Engineering 100 Years from Now

The Journal of the Society of Automotive Engineers
Excerpts from talk presented before SAE Council at its June 7, 1956, meeting in Atlantic City.
A. Kucher, Ford Motor Co.

Numerous guideposts exist which point the way for reasonable assumptions for extrapolating engineering progress in industry between 1956 and 2056.

For one thing, the future demands of each of us an increasing respect and regard and recognition of the abilities of others...and thereby the full utilization of convergent knowledge through collaboration and cooperation.

Each of us can possess but a minute fraction of accumulated knowledge. So, we are increasingly dependent upon intimate association with others who possess related knowledge and ability. We are making progress, but much remains to be done to remove artificial barriers mainly generated by intolerance toward new concepts and a lingering resistance to change.

Many people resist change and innovation, not so much because they fear a new approach, but because to accept the new they must first give up the old.

A second area in which giant strides can be expected is that to be made by American industry in adapting automation on a truly broad basis. This will give enormous capability to produce more things better with less manual effort and less cost. A comparable parallel increase in the standard of living is, of course, inevitable. As an extra dividend, it is easy to predict that new opportunities and new things will be provided for our expanding population. Beyond the realm of atomic energy, the harnessing of solar energy through photosynthesis already points the way to limitless supply of food and energy.

We are busy finding better ways of converting heat into mechanical energy....We are developing new, high-strength, high-temperature, corrosion-resistant, low-cost materials for application to our present and future demands....Such things as colored television, vertical ascension aircraft, supersonic flight, and earth satellites are mundane.

Let us assume that by the year 2056 man will require 28 times the present power input for a world population increased from the present 2.5 billion to 6 billion....Next, assume that by employing all forms of available energy the needed supply of primary energy exists.

Of vastly greater economic significance than the means for producing the energy is the means of consuming the energy....To approach the American standard of living other peoples must consume power at something like the rate we do-and that means using a lot of light bulbs, heaters, tractors, automobiles, and so forth.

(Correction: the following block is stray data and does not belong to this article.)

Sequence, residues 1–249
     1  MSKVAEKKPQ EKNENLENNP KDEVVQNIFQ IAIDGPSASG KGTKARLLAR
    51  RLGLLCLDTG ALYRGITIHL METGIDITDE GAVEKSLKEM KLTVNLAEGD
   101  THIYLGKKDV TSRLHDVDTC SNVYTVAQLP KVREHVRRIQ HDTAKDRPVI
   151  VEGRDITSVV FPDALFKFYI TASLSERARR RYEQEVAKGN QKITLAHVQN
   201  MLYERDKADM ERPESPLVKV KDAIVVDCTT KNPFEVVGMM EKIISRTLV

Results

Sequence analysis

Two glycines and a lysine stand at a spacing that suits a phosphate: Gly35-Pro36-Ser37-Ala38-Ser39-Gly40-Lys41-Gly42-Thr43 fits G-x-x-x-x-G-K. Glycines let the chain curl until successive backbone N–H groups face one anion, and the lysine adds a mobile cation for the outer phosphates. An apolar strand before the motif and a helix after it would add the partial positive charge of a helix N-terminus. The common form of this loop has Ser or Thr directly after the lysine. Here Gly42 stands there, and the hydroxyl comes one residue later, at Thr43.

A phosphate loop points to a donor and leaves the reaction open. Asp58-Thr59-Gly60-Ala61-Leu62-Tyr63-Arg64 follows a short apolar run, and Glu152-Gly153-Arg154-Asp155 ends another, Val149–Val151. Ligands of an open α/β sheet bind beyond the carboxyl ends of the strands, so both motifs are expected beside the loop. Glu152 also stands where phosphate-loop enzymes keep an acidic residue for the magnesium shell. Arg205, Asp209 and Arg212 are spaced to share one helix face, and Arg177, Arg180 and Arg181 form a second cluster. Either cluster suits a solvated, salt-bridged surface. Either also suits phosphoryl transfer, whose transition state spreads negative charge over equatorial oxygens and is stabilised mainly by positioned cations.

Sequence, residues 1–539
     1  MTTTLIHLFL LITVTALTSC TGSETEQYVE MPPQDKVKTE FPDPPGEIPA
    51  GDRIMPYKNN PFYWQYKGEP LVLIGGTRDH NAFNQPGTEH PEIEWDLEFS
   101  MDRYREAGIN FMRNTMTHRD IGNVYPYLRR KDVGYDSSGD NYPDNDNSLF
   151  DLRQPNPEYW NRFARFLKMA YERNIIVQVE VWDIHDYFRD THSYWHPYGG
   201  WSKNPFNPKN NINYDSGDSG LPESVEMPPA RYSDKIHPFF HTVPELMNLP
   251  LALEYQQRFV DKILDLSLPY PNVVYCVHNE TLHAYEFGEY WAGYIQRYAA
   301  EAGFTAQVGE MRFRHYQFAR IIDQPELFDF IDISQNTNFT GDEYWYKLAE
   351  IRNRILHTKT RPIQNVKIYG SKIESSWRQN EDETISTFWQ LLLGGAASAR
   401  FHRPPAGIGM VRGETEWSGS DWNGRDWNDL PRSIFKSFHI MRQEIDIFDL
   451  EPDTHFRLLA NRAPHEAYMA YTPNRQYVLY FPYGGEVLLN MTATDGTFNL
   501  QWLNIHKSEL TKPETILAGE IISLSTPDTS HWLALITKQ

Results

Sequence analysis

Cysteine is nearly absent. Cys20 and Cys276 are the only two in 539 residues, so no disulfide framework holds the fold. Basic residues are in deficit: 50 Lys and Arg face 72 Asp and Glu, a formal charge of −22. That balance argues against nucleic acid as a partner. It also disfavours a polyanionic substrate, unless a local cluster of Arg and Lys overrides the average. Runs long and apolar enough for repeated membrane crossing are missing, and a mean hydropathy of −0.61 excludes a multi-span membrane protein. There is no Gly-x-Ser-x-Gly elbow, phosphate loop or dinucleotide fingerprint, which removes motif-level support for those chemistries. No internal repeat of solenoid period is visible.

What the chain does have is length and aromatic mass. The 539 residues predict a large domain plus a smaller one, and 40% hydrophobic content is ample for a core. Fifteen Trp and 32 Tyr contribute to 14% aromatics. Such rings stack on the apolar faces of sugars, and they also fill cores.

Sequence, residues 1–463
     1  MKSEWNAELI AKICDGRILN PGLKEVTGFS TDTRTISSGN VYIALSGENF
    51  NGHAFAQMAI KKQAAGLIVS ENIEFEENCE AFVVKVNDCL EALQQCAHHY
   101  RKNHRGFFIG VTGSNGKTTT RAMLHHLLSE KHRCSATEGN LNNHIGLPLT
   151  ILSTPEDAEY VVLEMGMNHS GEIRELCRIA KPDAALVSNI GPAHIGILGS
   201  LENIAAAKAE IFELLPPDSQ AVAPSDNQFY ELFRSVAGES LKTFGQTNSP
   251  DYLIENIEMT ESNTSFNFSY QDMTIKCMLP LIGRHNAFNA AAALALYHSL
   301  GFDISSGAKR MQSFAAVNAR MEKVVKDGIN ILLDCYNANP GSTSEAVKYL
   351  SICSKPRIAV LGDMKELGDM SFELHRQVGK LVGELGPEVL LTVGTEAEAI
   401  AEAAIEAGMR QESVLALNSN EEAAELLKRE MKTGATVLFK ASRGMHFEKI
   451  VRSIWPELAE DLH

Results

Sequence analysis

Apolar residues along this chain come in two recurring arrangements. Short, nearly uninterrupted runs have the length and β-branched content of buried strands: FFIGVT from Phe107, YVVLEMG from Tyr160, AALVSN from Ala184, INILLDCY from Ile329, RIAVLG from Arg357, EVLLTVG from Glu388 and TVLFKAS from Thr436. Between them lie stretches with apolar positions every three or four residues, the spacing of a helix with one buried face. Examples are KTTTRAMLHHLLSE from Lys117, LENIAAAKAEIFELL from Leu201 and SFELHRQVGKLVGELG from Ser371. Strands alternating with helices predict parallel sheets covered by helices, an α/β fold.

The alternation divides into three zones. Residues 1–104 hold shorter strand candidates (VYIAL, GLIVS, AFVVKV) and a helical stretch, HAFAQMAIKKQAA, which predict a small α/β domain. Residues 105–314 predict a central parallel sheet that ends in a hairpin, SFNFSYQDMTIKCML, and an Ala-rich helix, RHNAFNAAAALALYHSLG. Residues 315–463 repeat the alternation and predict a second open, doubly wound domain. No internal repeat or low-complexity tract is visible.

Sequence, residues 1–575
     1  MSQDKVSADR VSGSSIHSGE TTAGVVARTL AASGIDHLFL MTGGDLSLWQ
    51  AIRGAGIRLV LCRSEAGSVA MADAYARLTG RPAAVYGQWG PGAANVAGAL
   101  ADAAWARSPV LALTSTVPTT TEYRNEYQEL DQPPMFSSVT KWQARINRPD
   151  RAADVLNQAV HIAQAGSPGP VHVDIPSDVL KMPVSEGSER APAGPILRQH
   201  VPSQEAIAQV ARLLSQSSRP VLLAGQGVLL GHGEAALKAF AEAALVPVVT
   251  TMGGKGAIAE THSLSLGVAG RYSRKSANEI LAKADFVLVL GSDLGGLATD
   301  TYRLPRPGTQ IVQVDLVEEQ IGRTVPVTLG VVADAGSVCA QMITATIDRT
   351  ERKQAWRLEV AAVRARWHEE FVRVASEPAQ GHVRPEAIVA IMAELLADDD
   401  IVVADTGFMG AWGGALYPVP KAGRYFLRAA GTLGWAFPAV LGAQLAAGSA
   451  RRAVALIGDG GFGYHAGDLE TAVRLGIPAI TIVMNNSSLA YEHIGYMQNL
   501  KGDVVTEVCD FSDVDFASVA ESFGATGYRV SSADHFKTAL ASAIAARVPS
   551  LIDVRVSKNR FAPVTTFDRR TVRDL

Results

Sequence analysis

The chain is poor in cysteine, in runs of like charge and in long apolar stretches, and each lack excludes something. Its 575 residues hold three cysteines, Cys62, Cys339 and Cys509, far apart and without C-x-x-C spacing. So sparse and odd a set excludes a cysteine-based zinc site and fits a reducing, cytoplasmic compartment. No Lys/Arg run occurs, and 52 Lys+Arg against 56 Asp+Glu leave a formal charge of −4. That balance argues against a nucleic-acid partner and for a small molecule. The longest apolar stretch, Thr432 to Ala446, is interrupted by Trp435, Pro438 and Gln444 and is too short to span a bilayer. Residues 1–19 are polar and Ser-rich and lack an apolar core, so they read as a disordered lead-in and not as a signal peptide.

The enormous problem confronting industrial engineering is:

1.To produce machines that produce the energy
2.To produce the machines and devices to consume the energy
How do we go about it?

Based on population growth alone, a quadrupling of technically trained people will be required. The demand already far exceeds the ability of the academic fraternity to provide. The solution requires the concerted efforts of the university, industry, and government.

Within the Next 100 Years...
...some of the things which appear feasible in the area of engineering progress include the possibilities listed below.

1. The future of materials will be limited largely to four metallic elements-iron, aluminum, magnesium, and titanium; and one semi-metal-silicon; for major construction. The other elements are becoming scarcer and, therefore, too costly for use even as alloying agents. Copper, for example, is already more expensive than aluminum and may be restricted to electrical uses only. The present position of titanium cost-wise is very likely to change in the future and may easily compete with stainless steel.
2. Materials for use in the 2000 to 3000 F range will undoubtedly be developed. Ceramics or ceramic metal compounds capable of standing rapid temperature changes will be commonplace. Metals in general will be produced to realize a bigger fraction of their theoretical strength. For example, the theoretical strength of present-day steels may be raised from 100,000 psi to about 1 million psi resulting in lighter and stronger structures.
3.Engineers will build it or remove dislocation and impurities so that the resulting material will have precisely the properties required. It will no longer be necessary to adapt systems to materials. On the contrary, the engineer will write a prescription for a material, hand it to the metallurgist, and he will compound the material in a fashion reminiscent of modern pharmacy.